IASPM Journal is the peer-reviewed open-access e-journal of the International Association for the Study of Popular Music, IASPM. As part of an international network, the journal aims to publish research and analysis in the field of popular music studies at both global and local levels.

This Special Issue seeks to confront the Western tradition of academia, which has only been made possible through historic and ongoing processes and ideologies of colonialism. This includes the paradox that many academic scholars and institutions are housed on stolen lands. This Special Issue of IASPM Journal aims to contribute to an ongoing process of decolonization through the lens and practices of popular music by highlighting Indigenous academics, theorists and musical explorations.

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cfp: The Sound of the Past

What is the role of sound in historical fictions? How can we try to replicate what the world sounded like in the past? What is the role of music in period dramas? Why are contemporary musicals with historical settings so popular? How can sound be described in historical novels?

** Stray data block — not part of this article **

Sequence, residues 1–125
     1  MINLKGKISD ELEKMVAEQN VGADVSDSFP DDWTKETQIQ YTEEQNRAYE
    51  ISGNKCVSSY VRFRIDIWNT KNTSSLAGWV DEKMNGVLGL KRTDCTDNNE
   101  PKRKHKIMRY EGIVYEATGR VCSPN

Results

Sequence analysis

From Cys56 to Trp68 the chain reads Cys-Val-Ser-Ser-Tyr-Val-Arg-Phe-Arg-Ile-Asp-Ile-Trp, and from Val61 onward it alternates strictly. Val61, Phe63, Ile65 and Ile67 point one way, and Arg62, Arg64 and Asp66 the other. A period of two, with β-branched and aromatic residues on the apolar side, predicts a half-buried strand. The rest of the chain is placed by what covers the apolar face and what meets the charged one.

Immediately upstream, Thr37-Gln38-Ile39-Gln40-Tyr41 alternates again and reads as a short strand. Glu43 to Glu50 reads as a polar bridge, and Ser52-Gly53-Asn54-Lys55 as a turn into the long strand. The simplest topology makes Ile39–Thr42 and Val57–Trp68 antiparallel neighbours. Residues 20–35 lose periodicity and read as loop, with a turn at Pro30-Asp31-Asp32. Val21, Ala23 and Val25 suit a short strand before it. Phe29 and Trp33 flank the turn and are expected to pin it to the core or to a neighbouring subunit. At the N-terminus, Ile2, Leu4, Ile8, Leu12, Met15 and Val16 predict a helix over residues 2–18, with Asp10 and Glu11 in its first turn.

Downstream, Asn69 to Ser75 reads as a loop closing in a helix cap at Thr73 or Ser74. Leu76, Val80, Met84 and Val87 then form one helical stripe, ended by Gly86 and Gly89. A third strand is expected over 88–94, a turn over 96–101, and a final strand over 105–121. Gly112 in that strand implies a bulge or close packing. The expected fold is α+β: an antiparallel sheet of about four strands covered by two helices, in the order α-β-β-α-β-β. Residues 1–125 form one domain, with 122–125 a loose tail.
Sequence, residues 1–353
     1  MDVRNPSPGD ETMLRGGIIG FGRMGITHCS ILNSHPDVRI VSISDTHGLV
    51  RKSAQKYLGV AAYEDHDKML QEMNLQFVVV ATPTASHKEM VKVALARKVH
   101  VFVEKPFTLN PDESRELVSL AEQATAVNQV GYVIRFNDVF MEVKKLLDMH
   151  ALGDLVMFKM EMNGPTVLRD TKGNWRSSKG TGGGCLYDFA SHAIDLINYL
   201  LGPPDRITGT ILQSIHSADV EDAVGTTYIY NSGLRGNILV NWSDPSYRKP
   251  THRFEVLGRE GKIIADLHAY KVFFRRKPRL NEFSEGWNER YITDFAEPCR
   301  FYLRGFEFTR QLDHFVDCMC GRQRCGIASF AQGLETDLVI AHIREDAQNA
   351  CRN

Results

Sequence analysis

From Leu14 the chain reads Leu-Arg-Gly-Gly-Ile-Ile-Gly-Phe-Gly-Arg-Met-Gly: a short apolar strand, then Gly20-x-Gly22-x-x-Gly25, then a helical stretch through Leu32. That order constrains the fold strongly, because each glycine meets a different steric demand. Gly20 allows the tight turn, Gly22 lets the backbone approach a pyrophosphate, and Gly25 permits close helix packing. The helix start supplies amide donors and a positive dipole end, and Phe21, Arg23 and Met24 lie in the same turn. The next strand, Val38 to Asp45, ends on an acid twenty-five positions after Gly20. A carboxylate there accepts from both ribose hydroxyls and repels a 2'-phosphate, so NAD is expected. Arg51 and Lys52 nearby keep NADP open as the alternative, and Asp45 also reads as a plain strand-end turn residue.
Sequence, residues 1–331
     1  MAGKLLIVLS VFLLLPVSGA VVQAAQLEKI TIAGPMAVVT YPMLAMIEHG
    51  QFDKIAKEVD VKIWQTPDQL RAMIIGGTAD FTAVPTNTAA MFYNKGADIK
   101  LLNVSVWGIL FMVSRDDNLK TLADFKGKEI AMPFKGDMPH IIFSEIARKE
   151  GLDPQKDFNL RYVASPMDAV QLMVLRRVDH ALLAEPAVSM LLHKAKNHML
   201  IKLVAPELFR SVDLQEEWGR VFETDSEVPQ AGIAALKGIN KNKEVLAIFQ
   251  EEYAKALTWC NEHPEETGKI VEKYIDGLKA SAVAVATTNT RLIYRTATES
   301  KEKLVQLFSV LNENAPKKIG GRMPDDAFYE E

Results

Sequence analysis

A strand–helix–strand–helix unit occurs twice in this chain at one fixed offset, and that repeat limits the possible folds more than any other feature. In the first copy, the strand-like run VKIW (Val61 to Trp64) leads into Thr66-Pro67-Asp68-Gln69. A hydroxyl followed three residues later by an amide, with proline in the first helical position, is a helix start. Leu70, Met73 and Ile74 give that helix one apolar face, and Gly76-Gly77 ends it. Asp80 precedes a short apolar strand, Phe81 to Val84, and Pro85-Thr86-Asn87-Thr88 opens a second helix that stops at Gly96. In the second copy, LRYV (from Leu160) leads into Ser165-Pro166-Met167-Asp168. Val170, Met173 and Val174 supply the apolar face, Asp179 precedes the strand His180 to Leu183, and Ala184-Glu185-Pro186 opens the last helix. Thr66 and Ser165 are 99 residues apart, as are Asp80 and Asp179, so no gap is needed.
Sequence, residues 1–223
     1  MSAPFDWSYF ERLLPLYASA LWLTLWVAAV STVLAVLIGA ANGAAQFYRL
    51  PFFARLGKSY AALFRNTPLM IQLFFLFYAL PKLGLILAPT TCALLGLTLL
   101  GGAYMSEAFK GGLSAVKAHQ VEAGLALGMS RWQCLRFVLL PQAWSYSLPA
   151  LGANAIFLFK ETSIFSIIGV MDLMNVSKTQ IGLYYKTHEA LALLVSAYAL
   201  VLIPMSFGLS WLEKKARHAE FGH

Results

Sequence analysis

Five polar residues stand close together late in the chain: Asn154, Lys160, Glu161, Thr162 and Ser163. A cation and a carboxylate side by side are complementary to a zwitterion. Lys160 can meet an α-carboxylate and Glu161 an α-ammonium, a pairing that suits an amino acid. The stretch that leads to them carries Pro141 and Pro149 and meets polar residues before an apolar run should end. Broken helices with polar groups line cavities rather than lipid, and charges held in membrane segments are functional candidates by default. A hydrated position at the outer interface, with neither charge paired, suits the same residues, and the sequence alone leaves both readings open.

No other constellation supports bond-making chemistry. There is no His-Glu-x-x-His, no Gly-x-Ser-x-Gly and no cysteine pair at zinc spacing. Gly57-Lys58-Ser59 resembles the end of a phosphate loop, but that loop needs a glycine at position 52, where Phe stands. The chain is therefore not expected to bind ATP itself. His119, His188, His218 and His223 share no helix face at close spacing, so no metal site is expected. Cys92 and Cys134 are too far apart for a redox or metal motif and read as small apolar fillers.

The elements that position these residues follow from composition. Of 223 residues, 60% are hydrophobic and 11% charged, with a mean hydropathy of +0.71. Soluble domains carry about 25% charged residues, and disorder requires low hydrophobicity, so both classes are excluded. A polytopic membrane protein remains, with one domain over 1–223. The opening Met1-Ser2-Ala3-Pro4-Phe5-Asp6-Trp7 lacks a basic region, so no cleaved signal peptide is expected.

The Journal of Historical Fictions is looking for papers on any aspect of “sound”, broadly defined (music, mechanical sounds, songs that tell a historical narrative, voices, etc.) for a special issue on sound in historical fictions, ‘The Sound of the Past’. Please send completed articles of 6,000–8,000 words to mail@historicalfictionsjournal.org by 1 January 2020.

See our submission guidelines here:

http://historicalfictionsjournal.org/submit.html

We also have a rolling deadline for articles that relate directly to research and teaching questions on historical fictions of any kind, from all scholarly disciplines, and we welcome spontaneous submissions.

cfp: Jazz Research Journal

Call for Papers: Issues of Diversity and Inclusion in Jazz Festivals

A Special Issue of the Jazz Research Journal

Guest Editors: Emily Jones (Cheltenham Jazz Festival) and Sarah Raine (Birmingham City University, UK)